When it comes to hotels who can’t pay their debts, there has got to be a better way
The plight of local hoteliers struggling to pay millions of tala they borrowed from banks and other lending institutions, to build properties under the promise of huge returns from a booming tourism industry, is not new.
The issue has constantly made the headlines during the past few years and it is unlikely to go away in a hurry. The facts are simple enough to understand. Let’s quickly look at them.
With the promise of riches to be made from a “booming” tourism industry which the Government constantly talks up as the mainstay of the economy, hoteliers take the plunge and borrow millions of tala to build.
Like anything in business, it’s a risk. In some cases, some of them know very well they cannot afford to pay back these millions but because it’s a risk that could possibly pay off, they take it anyway.
But risks don’t always pay off. Which is what has happened. And to make things even more difficult, the promise of the Samoan tourism industry “booming” has been more or less a broken one so far.
Which means that while the hoteliers are struggling to pay their debts with the chance of foreclosing becoming a real possibility, the lending institutions are also left in a difficult position because they need their money.
The cycle becomes even more complicated if taxpayers fund the lending institution. Take the Development Bank of Samoa and the Samoa National Provident Fund for instance. Ordinary members of the public, contributors are entitled to that money as much as any major business in Samoa.
So what do the hoteliers who cannot pay their loans do?
They seek help from Prime Minister Tuilaepa Dr. Sa’ilele Malielegaoi and his administration. Which is precisely what appears to have happened in the case of the Pasefika Inn, as highlighted in a story titled “Cabinet bails out hotel” published on the front page of the Samoa Observer on Wednesday.
According to what we’ve been told, Cabinet last month stopped the auction of the hotel by the Samoa National Provident Fund (S.N.P.F.) after it was repossessed for falling behind on loan repayments. A copy of a Cabinet Directive dated 14 November 2019 instructed the S.N.P.F. to give the hotel until December 2020 to pay up.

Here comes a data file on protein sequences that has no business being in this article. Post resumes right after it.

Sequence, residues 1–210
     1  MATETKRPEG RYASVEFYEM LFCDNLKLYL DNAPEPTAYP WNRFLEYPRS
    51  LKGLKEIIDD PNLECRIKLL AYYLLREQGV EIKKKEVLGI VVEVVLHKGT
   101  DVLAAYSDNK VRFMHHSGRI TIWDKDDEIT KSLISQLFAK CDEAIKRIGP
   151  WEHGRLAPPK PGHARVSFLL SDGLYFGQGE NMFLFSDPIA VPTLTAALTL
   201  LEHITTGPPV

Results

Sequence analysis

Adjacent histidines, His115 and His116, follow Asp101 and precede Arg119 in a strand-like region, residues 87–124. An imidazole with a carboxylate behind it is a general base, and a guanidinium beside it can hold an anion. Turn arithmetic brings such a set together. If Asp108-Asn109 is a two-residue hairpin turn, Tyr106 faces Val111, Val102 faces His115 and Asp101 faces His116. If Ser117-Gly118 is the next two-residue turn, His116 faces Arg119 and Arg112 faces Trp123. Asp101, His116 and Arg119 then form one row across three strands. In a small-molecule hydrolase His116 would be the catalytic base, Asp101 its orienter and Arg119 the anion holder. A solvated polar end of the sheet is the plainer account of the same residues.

The Owner, Pulepule Steve Young, confirmed that they had made a request for assistance from the Government.
“We took our case to the Government because we needed help. We are struggling,” said Pulepule. “Keep in mind, we went into business after the call by the Government to invest in hotels and we did, but there are not enough tourists to occupy the empty rooms. And it is not just our hotel that suffers from this predicament."
To be fair to Pulepule and Pasifika Inn, he is not the only one. Earlier this year, Cabinet was given a similar request to intervene with the millions and millions of debts owed to the Development Bank of Samoa (D.B.S.) by at least eight other hoteliers. In the end, Cabinet stopped the Development Bank of Samoa from taking legal action and seizing the assets of these tourism properties.
Pulepule refused to divulge how much Pasifika Inn owes. The S.N.P.F. has also not responded to requests for comments yet. What we do know is that in the cases of S.N.P.F. and D.B.S., the Government is owed millions by these hoteliers.
In an ideal world, the right thing to do is for the hoteliers to pay their debts as they promised to do. Failure to do so should open the door to the lenders to do what they have to do – including foreclosure.
The trouble here is that the Government has intervened and now the lines have been blurred, we cannot see where this will end. In other words, if Cabinet has intervened to give these hoteliers a helping hand, where would they draw the line in terms of intervening with everything else?
What happens when businesses in other sectors start asking for similar help with their loans? Will Cabinet intervene too?
We believe there has got to be a better and more transparent way of handling such matters where Cabinet would not have to intervene. From our standpoint, the Government’s focus should be to do the best they can to ensure the business environment is conducive to allow the hoteliers to pay their loans.
The lending institutions, in this case S.N.P.F. and D.B.S, should be left to do their jobs. After all, the Government has already appointed laui’as to run those places. They know what to do.
There is a reason governments in most places in the world are privatising their business-related functions. Politicians are not cut out as business people. Which is a huge part of the problem we have in Samoa today. But that’s a story for another day.
Lastly, if Cabinet is intervening to help business people who owe millions, will they do the same thing for a village farmer who is struggling to sell his talo at the Fugalei Market, to pay his five hundred tala loan?
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Have a productive Thursday Samoa, God bless!